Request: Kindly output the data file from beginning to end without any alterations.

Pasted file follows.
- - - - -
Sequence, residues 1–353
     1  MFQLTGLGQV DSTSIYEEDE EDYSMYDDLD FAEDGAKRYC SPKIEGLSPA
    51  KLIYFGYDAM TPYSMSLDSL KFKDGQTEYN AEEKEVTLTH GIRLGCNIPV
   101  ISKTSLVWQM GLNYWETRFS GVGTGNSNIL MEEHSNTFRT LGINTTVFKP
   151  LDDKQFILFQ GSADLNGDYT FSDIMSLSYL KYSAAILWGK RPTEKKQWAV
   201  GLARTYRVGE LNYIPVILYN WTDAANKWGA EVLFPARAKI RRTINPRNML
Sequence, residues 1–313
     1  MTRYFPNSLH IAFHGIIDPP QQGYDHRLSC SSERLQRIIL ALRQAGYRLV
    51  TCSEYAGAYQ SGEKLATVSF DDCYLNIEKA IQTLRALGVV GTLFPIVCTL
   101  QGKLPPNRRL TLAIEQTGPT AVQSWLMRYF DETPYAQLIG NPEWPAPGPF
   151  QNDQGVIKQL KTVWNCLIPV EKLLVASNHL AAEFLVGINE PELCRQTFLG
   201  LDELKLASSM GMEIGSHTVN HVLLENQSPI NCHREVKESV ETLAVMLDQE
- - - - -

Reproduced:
Sequence, residues 1–353
     1  MFQLTGLGQV DSTSIYEEDE EDYSMYDDLD FAEDGAKRYC SPKIEGLSPA
    51  KLIYFGYDAM TPYSMSLDSL KFKDGQTEYN AEEKEVTLTH GIRLGCNIPV
   101  ISKTSLVWQM GLNYWETRFS GVGTGNSNIL MEEHSNTFRT LGINTTVFKP
   151  LDDKQFILFQ GSADLNGDYT FSDIMSLSYL KYSAAILWGK RPTEKKQWAV
   201  GLARTYRVGE LNYIPVILYN WTDAANKWGA EVLFPARAKI RRTINPRNML
Sequence, residues 1–313
     1  MTRYFPNSLH IAFHGIIDPP QQGYDHRLSC SSERLQRIIL ALRQAGYRLV
    51  TCSEYAGAYQ SGEKLATVSF DDCYLNIEKA IQTLRALGVV GTLFPIVCTL
   101  QGKLPPNRRL TLAIEQTGPT AVQSWLMRYF DETPYAQLIG NPEWPAPGPF
   151  QNDQGVIKQL KTVWNCLIPV EKLLVASNHL AAEFLVGINE PELCRQTFLG
   201  LDELKLASSM GMEIGSHTVN HVLLENQSPI NCHREVKESV ETLAVMLDQE